Are these goals too idealistic and unrealistic? Perhaps. But they are a good starting point which will lead us all to embark on a new journey toward success in achieving them. After all, we must all do it together to accomplish our common tasks. As Barack Obama frequently says, we have much more in common than that which divides us, and in the end, we all want the same thing: to live our lives in peace and prosperity and to leave for our children a world which is better than it was when we inherited it.
And what about issues that are of unique importance to us as Armenia’s? Genocide; Aid to Armenia; Self-Determination for Nagorno-Karabakh.
On the issue of Genocide, we all know through the years that there have been many presidential candidates who promise during the campaign that they will recognize the Genocide. It hasn’t happened. So why should we believe it this time?
Compare and contrast: Barack Obama has issued several statemen’s acknowledging the Genocide and confirming that he will do so as President. Even during his eloquent victory speech in Minnesota, he stated, “It’s time… to rally the world against the common threats of the 21st century: terrorism and nuclear weapons; climate change and poverty; genocide and disease. That’s what change is.” John McCain, in all his years in the Senate, has been silent on the issue and is a staunch supporter of Turkey as a U.S. ally.
Most significantly, however, is the fact that unlike any other presidential candidate in history, Barack Obama had the courage and conviction to call on Turkey to acknowledge the Genocide and to end its blockade of Armenia while on an official U.S. Senate trip to Azerbaijan in 2006, well before he ever launched his presidential campaign and well before any Armenia’s were looking to him to take a position. He publicly called for Genocide recognition and an end to the blockade while on enemy soil! This was not pandering to Armenian-Americans, telling us what he thought we wanted to hear. This was a true expression of his belief in the issue, and he had absolutely nothing to gain by expressing it to a hostile audience other than earnestly trying to resolve the problem. And it was consistent with his policies on other international conflicts ‘s one of peace and reconciliation. He also publicly criticized Secretary of State Condoleeza Rice and the Administration for the firing of U.S. Ambassador to Armenia, John Evans, simply for his utterance of the word “genocide” as being contrary to American ideals of promoting justice and historical fact. What did John McCain do? Nothing.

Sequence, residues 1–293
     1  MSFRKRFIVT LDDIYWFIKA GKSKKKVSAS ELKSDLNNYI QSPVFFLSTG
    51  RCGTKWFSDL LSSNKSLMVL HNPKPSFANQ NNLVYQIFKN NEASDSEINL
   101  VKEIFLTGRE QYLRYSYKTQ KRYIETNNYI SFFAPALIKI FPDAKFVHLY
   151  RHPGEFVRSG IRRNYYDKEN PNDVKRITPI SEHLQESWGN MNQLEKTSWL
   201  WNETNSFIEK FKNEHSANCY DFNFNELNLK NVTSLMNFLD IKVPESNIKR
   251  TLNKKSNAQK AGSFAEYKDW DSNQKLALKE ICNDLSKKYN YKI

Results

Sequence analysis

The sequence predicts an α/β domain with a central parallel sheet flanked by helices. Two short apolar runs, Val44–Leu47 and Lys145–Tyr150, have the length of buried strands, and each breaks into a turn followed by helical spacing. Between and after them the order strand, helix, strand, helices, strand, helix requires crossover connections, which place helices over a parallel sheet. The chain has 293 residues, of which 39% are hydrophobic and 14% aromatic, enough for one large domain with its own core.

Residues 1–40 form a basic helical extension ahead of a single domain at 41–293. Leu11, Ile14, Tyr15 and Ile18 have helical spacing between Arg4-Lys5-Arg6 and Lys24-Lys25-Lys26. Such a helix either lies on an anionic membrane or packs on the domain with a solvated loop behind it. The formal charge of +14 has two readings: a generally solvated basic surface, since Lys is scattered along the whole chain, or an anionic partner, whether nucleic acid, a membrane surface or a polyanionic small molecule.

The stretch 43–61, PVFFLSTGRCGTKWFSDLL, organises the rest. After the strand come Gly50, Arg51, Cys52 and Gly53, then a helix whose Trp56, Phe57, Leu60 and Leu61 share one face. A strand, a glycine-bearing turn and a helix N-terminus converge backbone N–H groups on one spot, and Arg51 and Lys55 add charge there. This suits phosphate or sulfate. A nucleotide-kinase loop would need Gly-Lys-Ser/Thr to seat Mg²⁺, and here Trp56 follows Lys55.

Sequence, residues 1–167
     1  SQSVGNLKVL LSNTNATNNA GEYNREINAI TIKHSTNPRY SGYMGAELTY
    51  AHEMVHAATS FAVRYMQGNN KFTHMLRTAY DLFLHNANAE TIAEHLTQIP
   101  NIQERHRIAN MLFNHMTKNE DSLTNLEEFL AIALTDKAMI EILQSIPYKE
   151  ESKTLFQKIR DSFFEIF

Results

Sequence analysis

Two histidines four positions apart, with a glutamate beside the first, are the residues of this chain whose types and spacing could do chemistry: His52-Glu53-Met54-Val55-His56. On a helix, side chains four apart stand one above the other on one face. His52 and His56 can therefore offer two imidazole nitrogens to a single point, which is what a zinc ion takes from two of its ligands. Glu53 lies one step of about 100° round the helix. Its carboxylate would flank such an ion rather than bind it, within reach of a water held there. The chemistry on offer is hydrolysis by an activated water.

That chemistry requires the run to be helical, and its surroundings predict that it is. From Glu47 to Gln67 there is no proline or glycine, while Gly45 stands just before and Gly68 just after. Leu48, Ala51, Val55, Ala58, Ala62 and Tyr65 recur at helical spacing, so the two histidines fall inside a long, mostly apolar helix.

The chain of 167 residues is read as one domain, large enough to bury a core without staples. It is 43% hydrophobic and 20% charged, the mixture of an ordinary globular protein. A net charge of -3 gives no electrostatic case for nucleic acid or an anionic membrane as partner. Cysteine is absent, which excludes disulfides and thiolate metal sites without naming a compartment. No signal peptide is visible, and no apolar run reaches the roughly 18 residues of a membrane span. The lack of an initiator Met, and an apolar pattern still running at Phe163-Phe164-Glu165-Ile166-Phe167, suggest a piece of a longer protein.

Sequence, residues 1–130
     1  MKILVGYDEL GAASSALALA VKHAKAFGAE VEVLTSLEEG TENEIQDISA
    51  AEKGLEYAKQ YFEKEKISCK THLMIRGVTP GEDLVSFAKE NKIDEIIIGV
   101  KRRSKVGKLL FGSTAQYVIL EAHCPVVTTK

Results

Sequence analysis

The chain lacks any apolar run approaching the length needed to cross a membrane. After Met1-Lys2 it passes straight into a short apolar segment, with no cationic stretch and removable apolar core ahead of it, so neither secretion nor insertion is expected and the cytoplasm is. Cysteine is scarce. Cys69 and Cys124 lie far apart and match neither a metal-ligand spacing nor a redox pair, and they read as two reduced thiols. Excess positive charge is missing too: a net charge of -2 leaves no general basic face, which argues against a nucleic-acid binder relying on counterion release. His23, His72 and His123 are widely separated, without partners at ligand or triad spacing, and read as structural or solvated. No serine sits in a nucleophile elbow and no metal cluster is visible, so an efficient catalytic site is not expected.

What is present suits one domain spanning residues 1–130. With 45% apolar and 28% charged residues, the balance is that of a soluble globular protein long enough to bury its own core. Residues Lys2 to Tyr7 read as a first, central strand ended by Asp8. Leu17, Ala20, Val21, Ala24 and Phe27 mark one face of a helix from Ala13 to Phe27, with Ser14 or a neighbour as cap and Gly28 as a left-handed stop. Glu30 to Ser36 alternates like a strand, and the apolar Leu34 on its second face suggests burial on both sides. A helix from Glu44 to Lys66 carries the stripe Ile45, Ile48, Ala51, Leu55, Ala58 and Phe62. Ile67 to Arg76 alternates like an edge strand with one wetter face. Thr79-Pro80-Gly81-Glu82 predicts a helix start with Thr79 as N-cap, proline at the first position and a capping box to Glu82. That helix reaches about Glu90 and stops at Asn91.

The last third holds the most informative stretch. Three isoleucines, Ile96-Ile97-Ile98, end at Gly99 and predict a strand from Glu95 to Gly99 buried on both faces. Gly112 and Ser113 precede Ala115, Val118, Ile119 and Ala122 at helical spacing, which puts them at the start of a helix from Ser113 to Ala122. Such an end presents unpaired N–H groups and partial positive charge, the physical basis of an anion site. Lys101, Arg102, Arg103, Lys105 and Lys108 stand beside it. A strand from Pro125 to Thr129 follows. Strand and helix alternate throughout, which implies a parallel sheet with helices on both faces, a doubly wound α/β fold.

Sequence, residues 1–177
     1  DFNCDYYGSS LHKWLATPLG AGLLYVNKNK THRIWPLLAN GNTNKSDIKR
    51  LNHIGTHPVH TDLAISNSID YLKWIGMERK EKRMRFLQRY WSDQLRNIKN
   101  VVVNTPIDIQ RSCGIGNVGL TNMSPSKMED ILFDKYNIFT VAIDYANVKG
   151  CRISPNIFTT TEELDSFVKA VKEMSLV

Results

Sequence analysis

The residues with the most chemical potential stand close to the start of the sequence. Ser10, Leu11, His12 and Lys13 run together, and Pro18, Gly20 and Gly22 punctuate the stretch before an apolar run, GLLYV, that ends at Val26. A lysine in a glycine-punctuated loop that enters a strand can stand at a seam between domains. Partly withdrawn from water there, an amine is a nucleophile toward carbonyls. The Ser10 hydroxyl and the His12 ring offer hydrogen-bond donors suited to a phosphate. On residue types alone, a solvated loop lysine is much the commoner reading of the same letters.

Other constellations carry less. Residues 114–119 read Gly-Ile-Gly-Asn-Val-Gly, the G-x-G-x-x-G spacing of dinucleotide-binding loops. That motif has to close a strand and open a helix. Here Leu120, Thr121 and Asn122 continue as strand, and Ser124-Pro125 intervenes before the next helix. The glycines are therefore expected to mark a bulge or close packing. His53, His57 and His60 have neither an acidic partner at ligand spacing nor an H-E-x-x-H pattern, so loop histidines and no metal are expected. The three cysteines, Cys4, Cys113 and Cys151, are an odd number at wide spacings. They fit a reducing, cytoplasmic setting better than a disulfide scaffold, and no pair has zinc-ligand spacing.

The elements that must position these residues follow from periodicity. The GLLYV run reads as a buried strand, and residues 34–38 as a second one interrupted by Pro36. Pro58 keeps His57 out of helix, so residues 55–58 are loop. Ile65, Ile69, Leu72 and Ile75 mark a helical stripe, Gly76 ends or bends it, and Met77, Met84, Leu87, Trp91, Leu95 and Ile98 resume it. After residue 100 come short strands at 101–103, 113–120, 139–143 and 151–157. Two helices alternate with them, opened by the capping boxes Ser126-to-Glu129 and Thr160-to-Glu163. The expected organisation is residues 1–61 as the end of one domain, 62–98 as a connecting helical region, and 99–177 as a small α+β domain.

On the issue of aid to Armenia, we are grateful for the fact that since its independence in 1991, Armenia has been the beneficiary of significant amounts of U.S. foreign aid. However, this aid has dwindled during recent years, as the Bush Administration has placated Turkey by decreasing aid to Armenia and increasing it to oil-rich Azerbaijan. Barack Obama has publicly committed to expanding trade and targeted aid to help foster Armenia’s growth and development. John McCain has voted with the Administration on decreasing aid.
On the issue of Nagorno-Karabakh, Barack Obama has publicly committed to the principle of self-determination for the people of Artsakh, a principle that is paramount to us and one that goes well beyond the policy of Bush-McCain which simply calls for compromise while allowing the Azeri blockade to continue with impunity and failing to address the will of the people on the ground.
It is therefore crystal clear that we, both as Armenia’s and as Americans, have only one good choice for this year’s presidential ballot: Barack Obama. Let us give him our unyielding gratitude for his support of issues important to us. Let us give him our support, both financially and otherwise, to help him win the general election. Let us help him succeed in embarking on the path toward a peaceful and just future. Let us put an end to the Bush-McCain policies which have hurt us both individually and collectively. And let us mobilize our community to join forces with Armenia’s for Obama, to join this historic movement, as Armenia’s and as Americans, to help elect the only presidential candidate who has the ability and the vision to accomplish our common goals.